Edie 3/12/2009 09:21:00 PM  

I like Shona's comment: "Bit by bit." Or in this case, word by word.

Write it as a series of essays, or chapters. I love what you say to them, taking their hands and telling them how special they are. (Or something like that.) That has to be in the book.

If it's too long, you can have two or three books! I think it would be awesome. Write it!

Lisa 3/12/2009 10:20:00 PM  

outline was a good idea.
Could also be (and combined) that you have a lot to say.

Do you spend a fair bit of time just thinking about things?

Bevie 3/13/2009 07:08:00 AM  

I have no real advice on how to blog about piano teaching, but I do have a question for you.

My son is teaching himself keyboards. He's twelve right now and the tuba player in both band and jazz band. His instructors want him to audition for the state or regional band, but we can't afford to send him there. And that is our problem.

We can't afford to hire a piano teacher. Spouse only makes a little, and I am not working at all.

What would you recommend for someone learning the keyboard on their own? He's progressing nicely as regards playing songs from songbooks, but what else should he be doing?

Lauren 3/13/2009 09:26:00 AM  

That is so great that you spend so much time and energy reading about teaching and child education/etc.

I think you should send the really long emails to the parents. I think they want to know why or at least that there is a reason. Also, it will teach them to not ask you again...lol.

Writing non-fiction is all about getting your point across or reaching a goal. Sure, you want them to understand why, but really you just want them to be happy with your actions as a piano teacher. :)

writtenwyrdd 3/13/2009 10:54:00 AM  

" How do you handle a massive amount of information, and then organize and write it in such a way that a normal person will read it?"

Just find your premise. What statement encompasses what you want to say? Figure that out, and then you can hang the details on it to support that point.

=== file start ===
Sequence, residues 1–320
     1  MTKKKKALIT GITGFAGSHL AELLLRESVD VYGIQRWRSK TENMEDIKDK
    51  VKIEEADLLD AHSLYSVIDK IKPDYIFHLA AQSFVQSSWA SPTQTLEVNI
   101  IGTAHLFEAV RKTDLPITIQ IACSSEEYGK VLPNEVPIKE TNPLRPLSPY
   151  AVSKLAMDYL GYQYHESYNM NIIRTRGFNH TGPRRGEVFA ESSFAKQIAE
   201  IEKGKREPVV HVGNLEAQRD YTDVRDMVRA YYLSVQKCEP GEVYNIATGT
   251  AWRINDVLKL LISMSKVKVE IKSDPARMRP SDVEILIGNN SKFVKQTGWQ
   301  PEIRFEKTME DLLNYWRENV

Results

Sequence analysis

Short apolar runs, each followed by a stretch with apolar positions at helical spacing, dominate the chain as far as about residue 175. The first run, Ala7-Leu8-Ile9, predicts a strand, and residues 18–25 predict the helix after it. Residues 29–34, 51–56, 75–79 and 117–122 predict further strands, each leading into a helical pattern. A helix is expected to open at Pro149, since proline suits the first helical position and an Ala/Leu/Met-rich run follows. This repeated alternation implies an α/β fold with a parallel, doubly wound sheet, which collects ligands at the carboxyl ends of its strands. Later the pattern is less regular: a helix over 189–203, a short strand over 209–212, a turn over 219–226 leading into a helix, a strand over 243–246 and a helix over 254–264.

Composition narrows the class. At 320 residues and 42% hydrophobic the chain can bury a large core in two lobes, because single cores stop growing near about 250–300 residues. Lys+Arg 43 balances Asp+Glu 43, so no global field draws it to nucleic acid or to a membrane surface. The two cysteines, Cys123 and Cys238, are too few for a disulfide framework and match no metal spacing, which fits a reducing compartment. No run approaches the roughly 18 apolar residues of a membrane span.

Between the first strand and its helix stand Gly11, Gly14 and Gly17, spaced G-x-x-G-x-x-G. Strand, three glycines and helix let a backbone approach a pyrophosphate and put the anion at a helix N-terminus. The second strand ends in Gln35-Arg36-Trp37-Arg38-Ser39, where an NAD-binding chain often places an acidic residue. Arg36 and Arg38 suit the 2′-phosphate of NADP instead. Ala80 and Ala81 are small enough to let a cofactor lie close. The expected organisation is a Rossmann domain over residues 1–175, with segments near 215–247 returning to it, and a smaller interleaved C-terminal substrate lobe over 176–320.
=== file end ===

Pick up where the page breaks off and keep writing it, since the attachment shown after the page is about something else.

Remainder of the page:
Sounds like you have a book in you on this topic.

Charles Gramlich 3/13/2009 12:01:00 PM  

You could always take those longer posts and do 'em as a series. I've done that. I think blogging has actually led to me being fairly long winded compared to what I've done in the past with my fiction and nonfic

Natasha 3/13/2009 01:37:00 PM  

LOL, Shona, a great plan! I recommend age 4, LOL. 5 is good, too!

Your daughter will probably progress more slowly than your son, but what she learns now will be more integrated than what her brother learns.

I don't suggest the Suzuki program for piano (it's brilliant for violin), but they know kids and they know practicing. These three books that will give you tons of ideas to support your kids' piano lessons and enthusiasm, particularly for your young one:

Suzuki Books
To Learn with Love by William and Constance Starr
Nurtured by Love by Suzuki
Helping Parents Practice by Edmund Springer

And:
The Practice Revolution by Philip Johnston
His website, Practice Spot is wonderful.

spyscribbler 3/13/2009 01:39:00 PM  

ROFL, Robin!

Piano teaching was not "cool" in conservatory. You just did not want to grow up and be a piano teacher, so I wanted to be a vocal accompanist. I got sick and had to teach to make money.

It was the best thing that ever happened to me. It's the one good thing that came from being sick: I got to be a piano teacher!

spyscribbler 3/13/2009 01:41:00 PM  

Melanie, it's overwhelming! But I just started using a mind map, so maybe that will help! I keep pouring it all there, and maybe eventually I'll find a starting point.

spyscribbler 3/13/2009 01:43:00 PM  

Edie, I was just thinking: I think I do have a couple books in me about it! I'm actually starting to get enthusiastic about this!

spyscribbler 3/13/2009 01:43:00 PM  

Lisa, I spend too much time thinking about things. I want my brain to shut up, LOL!

spyscribbler 3/13/2009 01:46:00 PM  

Bevie, there's a huge difference between learning piano and learning keyboards. I don't know anything about the latter, LOL!

If he does want music lessons, try contacting MusicLink to find a local teacher. It's a great program!

spyscribbler 3/13/2009 01:47:00 PM  

Lauren, good point. I guess why isn't so important, is it?

Cool! That helps!

spyscribbler 3/13/2009 01:56:00 PM  

Writtenwyrdd, I think you're right. Must think on my premise. I think I have several, so maybe I have a couple books in me on this! :-)

spyscribbler 3/13/2009 01:56:00 PM  

Charles, I've gotten way too long-winded with non-fiction. A series is a great idea, though!